Speaker 1: Welcome. Have you ever had a perfectly good photo ruined by something in the background? Yeah. Maybe you had a messy room or maybe someone photo bombed you, or maybe there's something unintentionally distracting in the background that you didn't notice when you took the photo? Well, the good news is both apple and Google. Now have tools to deal with those distractions on your iPhone and pixel phone. Accordingly, what's interesting is that apple and Google take nearly opposite approaches to help you remove these photographic distractions. And I find that [00:00:30] fascinating know this isn't an Android versus iPhone debate, but rather a look at groundbreaking AI and machine learning technologies from two of the largest companies in the world that allow you to alter photos on your phone. Let's break it down.
Speaker 1: Let's start with the iPhone. And in Iowa, 16, visual lookup gets an upgrade and now lets you separate the foreground for the background [00:01:00] of photos. For example, I have a picture of my cat here and I can tap and hold on her with one finger and drag her cut out. I can then drag her, cut out into another app like messages and share it. I can also drag into an app and make a photo collage. And there's all kinds of things you can do with the cutout. I tried this on pets and friends and Lego figures and objects. This tap and drag tool is the result of an advanced machine learning model, which is accelerated by core machine [00:01:30] learning in Apple's neural engine to perform 40 billion operations in a second. Yeah, all that to cut my cat out of a photo. What I like about this feature is that it's not altering the actual photo instead. You're basically cropping the photo. So it doesn't show what's behind your subject. It's the equivalency of using a pair of scissors to cut someone out of a printed photo.
Speaker 1: Google on the other hand takes a different approach when it launched the pixel six [00:02:00] and six pro last year, they debuted with a new tool called magic eraser, which is also on the pixel six a that just came out the magic eraser lets you erase parts of a photo that you want to remove. Then with a bunch of clever processing, your phone fills in what it thinks is behind what you erased. So in this photo of an outdoor cafe, I can erase a person in the background. Notice that my phone fills in the rest of the blue door that was behind the person I removed. [00:02:30] I can also remove multiple people from the background of this photo. You can get to this tool in one of two ways in Google's photo app, you'll see a suggestion about removing a person or things in the background.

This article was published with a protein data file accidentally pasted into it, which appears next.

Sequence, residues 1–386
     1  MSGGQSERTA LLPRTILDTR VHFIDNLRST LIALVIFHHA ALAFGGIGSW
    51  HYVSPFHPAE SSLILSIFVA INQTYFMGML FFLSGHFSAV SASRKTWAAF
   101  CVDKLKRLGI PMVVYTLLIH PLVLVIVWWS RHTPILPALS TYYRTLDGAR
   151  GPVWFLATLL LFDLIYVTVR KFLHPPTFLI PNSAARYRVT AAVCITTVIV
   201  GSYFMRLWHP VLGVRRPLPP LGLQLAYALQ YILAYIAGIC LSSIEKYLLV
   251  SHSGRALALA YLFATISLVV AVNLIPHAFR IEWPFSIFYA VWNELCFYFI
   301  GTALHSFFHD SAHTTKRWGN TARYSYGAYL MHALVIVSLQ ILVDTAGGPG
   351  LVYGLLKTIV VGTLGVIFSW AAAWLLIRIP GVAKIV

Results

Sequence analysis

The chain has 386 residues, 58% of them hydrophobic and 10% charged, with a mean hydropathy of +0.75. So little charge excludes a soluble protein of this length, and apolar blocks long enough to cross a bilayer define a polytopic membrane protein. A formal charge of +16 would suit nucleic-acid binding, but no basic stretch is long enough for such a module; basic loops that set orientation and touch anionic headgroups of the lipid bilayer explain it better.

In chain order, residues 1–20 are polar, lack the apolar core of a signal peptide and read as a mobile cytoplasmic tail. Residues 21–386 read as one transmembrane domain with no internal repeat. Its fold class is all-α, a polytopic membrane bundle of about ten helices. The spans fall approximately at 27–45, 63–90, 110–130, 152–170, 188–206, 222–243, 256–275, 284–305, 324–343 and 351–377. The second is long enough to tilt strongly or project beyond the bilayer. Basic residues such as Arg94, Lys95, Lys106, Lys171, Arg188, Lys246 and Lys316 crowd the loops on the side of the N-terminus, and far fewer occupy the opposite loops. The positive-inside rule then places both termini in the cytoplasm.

Speaker 1: Or when you go to edit a photo, tap on tools to reveal the feature magic Razr can find and suggest parts of a photo to a race like the silhouettes of people in the background of that cafe photo. You can also use your finger to paint out a [00:03:00] part of the photo you want gone like this piece of bacon in this breakfast taco overall magic eraser works well, but it's far from perfect. Essentially Google took something. You need an app like Photoshop for and skills to perform and made it approachable and easy to do. Unlike apple, you actually are altering your photos, which can come in handy when there's something in the background that you want people to focus on. Like a landmark. For example, though, these photographic [00:03:30] tools do bring up some ethical questions about altering a photo, especially the magic eraser, since it worked so well to fill in what was there.
Speaker 1: But it's also helpful to remember that our photos thanks to computational photography are made up of parts from multiple images. Our phone cameras capture in an instant to improve the dynamic range or lighting or your skin. So even if you aren't using the magic eraser tool on your photo, the definition of an unaltered photo is already [00:04:00] muddy thanks to modern technology. But at this point it's amazing that such tools exist. They will no doubt inspire people to be more creative and create memes, but also solve practical everyday problems of removing photo bombs from the background of our photos, which of these tools do you prefer? Apple's tap and hold cut out tool or Google's magic eraser. And are there ethical concerns about using such photo tools or should I just relax and [00:04:30] enjoy cutting my cat out with nothing more than a tap and hold, let me know in the comments also we're doing these videos every week covering apple stuff. So let us know what topics you'd like to see us cover. Lastly, do all the YouTube things like subscribe, hit the bell and thank you for watching.